How Are Canadians Minding Their Mental Health During COVID?


During the COVID-19 pandemic, many Canadian adults have been actively taking care of their mental health by keeping in touch with loved ones and engaging in hobbies, according to a new report.

The vast majority of those who responded to the survey said they interacted with friends and family, and more than half said they took up hobbies and outdoor sports.

Dr. Mark Johnson


“The COVID-19 pandemic continues to have a significant impact on the mental health and substance use of our family members, friends and colleagues,” Mark Johnson, Health Canada and Public Health Agency spokesman, told Medscape Medical News. .

“Now more than ever, it’s important that everyone in Canada has access to the services and supports they need, as well as effective tools to support their mental health and well-being, as well as reliable and reliable information about mental health and substance use,” he said. .

The report was published by the Public Health Agency of Canada on July 18.


Demographic trends

The Public Health Agency of Canada funded the 2021 COVID-19 and Mental Health Study to better understand the impact of the pandemic on mental health and well-being. Statistics Canada collected responses from adults living in 10 Canadian provinces and three territorial capitals between February and May 2021.

About 25% of respondents tested positive for symptoms of depression, anxiety, or post-traumatic stress disorder in spring 2021, up from 21% in fall 2020.


Many Canadians reported taking care of their mental health during this time. About 86% said they interacted with friends and family, while 55% took up hobbies.

Physical and spiritual activities were also important. About 56% trained outdoors and 43% indoors. In addition, 32% prayed or sought spiritual guidance, while 22% meditated.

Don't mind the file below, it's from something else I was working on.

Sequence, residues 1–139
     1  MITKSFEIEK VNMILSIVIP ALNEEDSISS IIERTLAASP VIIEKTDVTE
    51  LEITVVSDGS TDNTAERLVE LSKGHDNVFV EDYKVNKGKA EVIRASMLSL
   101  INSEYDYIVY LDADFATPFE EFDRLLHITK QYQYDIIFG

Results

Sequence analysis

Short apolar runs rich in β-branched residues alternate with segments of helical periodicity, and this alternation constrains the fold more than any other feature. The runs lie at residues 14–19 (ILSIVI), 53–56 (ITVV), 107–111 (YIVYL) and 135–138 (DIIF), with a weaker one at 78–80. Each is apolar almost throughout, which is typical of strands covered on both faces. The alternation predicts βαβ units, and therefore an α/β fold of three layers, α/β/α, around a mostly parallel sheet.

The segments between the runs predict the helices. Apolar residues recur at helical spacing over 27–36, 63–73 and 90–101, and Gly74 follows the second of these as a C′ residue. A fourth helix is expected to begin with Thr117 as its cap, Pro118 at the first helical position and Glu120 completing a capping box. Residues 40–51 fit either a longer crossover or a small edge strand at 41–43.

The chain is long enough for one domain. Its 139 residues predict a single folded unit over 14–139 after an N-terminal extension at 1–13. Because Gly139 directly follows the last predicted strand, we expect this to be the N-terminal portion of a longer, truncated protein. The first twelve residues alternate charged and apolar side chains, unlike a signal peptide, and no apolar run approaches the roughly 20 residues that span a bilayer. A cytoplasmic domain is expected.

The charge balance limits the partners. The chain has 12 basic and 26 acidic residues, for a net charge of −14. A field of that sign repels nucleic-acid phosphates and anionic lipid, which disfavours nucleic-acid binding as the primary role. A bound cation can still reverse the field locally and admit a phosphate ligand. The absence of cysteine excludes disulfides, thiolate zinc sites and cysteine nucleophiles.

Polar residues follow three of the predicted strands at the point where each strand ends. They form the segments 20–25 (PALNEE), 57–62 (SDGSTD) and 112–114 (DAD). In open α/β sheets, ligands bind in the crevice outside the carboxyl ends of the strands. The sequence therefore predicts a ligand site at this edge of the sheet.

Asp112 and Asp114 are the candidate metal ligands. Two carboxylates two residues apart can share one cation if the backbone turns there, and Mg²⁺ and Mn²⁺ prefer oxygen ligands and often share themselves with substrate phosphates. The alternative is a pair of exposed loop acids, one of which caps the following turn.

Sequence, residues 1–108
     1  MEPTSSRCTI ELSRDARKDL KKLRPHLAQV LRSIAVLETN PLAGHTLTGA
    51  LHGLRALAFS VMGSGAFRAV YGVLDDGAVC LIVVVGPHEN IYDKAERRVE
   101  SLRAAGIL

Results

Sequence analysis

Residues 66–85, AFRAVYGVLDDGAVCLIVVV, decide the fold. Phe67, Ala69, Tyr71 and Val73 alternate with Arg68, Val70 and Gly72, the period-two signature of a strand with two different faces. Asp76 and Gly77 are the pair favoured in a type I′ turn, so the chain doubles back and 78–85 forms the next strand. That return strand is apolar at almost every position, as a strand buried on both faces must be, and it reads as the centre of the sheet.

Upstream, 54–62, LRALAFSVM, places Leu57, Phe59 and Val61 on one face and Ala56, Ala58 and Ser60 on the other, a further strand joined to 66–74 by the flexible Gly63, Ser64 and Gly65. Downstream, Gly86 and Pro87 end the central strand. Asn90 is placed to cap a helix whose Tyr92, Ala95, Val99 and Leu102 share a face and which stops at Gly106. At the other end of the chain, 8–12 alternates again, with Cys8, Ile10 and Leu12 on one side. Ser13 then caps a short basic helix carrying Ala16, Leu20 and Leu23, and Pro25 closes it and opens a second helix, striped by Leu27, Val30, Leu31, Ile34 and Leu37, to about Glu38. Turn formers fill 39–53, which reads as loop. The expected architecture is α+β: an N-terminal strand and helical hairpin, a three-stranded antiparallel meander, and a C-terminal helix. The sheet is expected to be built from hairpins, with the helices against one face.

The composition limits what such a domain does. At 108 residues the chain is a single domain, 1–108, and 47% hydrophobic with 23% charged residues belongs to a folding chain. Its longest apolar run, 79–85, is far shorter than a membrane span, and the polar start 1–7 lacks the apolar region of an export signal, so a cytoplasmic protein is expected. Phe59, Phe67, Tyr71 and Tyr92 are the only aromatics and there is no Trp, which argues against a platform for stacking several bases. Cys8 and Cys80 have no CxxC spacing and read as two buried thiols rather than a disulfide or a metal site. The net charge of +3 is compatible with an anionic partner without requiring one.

Some Canadians have changed their health habits to protect their mental health. About 26% have changed their food choices and 19% have changed their sleep patterns.


Trends varied depending on various socio-demographic factors. For example, women tended to be more likely than men to engage in activities aimed at improving their mental health. Those under 65 are more likely to change their sleep and eating patterns for their mental health. Women and Canadians from racial groups were more likely to pray or seek spiritual guidance.

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Physical activity also varied by location. Rural Canadians were more likely to exercise outdoors to maintain their mental health, while those in urban centers were more likely to exercise indoors.

Overall, about 10% said they spoke to a specialist to help their mental health during the pandemic in early 2021.


“This information is important because it allows us to better understand how people in Canada’s diverse communities are taking care of their mental health,” Johnson said. “This can be used to inform the Government of Canada about policies, programs and services to support positive mental health and wellbeing, prevent mental illness and suicide, and provide appropriate care.”